As I sat in a theater and watched the new take on Evil Dead, I found myself flashing back to last year’s Cabin in the Woods. I was very fond of that film, and it’s amazing how directly it nailed the formula for this kind of movie. There are moments in Evil Dead where I almost laughed because of how the move was following each note to a tee. It even has the “I probably shouldn’t read this evil text” moment. That isn’t to say there isn’t stuff to like in this movie, because it has lots of cool things going for it.
Fede Alvarez takes the reigns from Sam Raimi and crafts a brutal bloody film with a budget the original film could only dream of. The plot remains the same, with some tweaks. A group of friends join Mia (Jane Levy) and her brother David (Shiloh Fernandez) as Mia tries to detox from heroin. They chose to do this at a family cabin in the woods. Years have turned the cabin to rot, and while exploring, they find dead animals in the cellar along with a book bound in flesh. Eric (Lou Taylor Pucci) reads from the book and unleashes a demonic presence that heads straight for Mia.
From there, hell is unleashed upon each of the character in various ways, each pertaining to a passage in the evil book. The survivors realize they only way to stop it may be to destroy Mia and the demon attached to her.
I have to hand it to Alvarez, he nails the tone and look of the film. One of the best things the original Evil Dead had going for it was an intensely creepy story. It is often remembered as funny or campy, but that’s because of Evil Dead 2. This film captures that creepy atmosphere of demons tear-assing through the human flesh of people who chose the wrong cabin to stay at. There are moments of this film that truly evoke the feeling that original did, and it never feels false. It’s totally earned.
The script is another matter. They work hard to set up the conceit that this is a detox session for Mia, and then pretty swiftly abandon that once things start to get evil and dead. The concept of demon possession as a metaphor for drug addiction is such a strong one it’s really a shame they didn’t play more with it. I will say that the demon presence in the film is far more vicious than I remember them being in the original, and this is evident in when a possessed Mia spouts curses that recall moments from The Exorcist.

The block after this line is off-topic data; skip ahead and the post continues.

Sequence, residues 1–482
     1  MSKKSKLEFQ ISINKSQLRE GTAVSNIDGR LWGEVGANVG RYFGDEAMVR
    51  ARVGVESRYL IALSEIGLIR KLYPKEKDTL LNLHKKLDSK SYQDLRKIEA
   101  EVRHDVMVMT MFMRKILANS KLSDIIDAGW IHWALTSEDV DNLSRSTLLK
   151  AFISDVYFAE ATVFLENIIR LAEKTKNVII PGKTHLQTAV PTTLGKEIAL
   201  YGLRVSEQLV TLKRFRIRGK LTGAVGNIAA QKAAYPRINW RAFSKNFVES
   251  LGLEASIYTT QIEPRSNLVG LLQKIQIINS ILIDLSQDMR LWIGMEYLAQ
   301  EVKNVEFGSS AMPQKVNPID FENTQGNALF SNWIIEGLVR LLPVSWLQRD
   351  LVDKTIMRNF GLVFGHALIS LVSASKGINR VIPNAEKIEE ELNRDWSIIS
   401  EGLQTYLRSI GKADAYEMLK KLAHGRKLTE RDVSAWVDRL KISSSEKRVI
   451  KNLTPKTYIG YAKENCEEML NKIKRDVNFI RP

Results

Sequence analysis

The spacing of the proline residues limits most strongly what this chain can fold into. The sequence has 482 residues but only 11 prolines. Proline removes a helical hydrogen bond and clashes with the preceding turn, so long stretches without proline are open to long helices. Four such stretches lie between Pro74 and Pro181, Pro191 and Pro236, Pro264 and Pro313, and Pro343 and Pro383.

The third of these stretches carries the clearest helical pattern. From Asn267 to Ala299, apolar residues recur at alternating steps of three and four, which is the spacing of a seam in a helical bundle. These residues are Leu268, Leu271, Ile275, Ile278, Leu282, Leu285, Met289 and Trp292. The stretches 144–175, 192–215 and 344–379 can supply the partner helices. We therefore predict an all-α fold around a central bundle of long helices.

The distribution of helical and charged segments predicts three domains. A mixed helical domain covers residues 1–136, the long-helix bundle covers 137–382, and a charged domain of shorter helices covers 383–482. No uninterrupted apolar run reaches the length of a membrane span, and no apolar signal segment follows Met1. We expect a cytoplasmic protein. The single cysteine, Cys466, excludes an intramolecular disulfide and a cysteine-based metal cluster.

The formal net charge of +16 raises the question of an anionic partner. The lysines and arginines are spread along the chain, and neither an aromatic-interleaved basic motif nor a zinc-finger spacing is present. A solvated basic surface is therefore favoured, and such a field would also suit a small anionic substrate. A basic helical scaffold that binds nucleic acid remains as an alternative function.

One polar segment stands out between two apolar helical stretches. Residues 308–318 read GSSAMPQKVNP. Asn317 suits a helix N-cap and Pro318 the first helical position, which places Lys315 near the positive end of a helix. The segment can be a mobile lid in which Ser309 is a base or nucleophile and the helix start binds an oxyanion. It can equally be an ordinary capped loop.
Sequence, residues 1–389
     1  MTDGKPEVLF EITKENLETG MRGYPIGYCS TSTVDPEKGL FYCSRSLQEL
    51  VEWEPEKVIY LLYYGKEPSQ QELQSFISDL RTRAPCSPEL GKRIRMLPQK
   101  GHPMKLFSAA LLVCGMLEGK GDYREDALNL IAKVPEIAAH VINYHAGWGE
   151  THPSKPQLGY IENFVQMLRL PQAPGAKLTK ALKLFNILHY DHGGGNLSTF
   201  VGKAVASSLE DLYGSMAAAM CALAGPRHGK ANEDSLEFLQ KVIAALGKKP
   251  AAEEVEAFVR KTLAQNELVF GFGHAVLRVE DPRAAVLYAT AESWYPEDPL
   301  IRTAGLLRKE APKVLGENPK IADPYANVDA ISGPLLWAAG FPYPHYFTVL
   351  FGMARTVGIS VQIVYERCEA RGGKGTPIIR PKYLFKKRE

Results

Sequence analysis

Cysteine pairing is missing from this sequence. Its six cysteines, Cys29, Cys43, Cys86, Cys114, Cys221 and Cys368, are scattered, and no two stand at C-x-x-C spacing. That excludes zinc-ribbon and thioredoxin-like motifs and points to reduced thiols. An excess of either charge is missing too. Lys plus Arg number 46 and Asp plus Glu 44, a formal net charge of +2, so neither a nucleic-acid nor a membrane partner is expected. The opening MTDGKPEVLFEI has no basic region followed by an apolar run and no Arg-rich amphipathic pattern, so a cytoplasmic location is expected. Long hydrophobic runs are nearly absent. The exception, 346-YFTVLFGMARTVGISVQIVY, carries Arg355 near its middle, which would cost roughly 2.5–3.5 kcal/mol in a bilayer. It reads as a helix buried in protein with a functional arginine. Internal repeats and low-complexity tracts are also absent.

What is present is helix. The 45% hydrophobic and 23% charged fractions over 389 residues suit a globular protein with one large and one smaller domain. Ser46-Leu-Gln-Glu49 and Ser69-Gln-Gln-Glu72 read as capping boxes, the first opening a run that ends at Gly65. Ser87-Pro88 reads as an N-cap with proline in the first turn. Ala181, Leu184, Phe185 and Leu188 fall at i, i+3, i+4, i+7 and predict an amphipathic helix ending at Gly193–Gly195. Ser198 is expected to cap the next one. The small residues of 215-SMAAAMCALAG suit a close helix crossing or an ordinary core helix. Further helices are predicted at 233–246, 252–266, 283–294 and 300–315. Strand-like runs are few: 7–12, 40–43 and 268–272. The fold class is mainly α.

I also feel that the characters who aren’t Mia and her brother get the royal shaft when it comes to development. Lou Taylor Pucci’s only reason for being is to be the guy who makes the mistake of reading the book, and the other characters fee like fodder to be ripped and shredded. What sets most good horror films apart is a feeling of empathy for the characters and their horrible situation, but here, I felt no connection to anyone except Mia and her brother, and even that felt superficial and forced. I think another draft or two of the script could have made this film jump from “extremely entertaining” to “instant classic.”
I also have a bit of a bone to pick with the adaptation of the original. Now I don’t mind when remakes change things around, but one of the more chilling aspects of the original film was the idea of the professor who had been studying the book and the recordings he left behind. Here that plot is ditched in favor of a flashback at the beginning of the film with a similar character, but after the main title appears, he’s never mentioned again, nor do his tapes make an appearance. Maybe this is nitpicking, but the idea of the tapes being what recalled the demons rather than a reading might have taken the silliness off Pucci’s character ignoring the big bold warning to not do what he is about to do.
People have been talking about the use of effects in this movie, specifically the lack of CGI gore, and it really is a wonder to behold as the filmmakers unleash literal torrents of blood upon the poor souls in the cabin. Some of the more gruesome scenes were almost a bit too intense for me, and I have a strong stomach, so kudos to them on managing to make the film as gory as they possibly could with an R rating. One scene with a girl and a shard of mirror is particular effective, and the talents of the makeup and practical effects crew are showcased incredibly well.
Ultimately, Evil Dead is a good horror film that stands proudly aside the other films in the franchise. Sure it stumbles a bit in plotting and character development, but makes up for it with gore-y gusto.
I give it three severed hands out of five.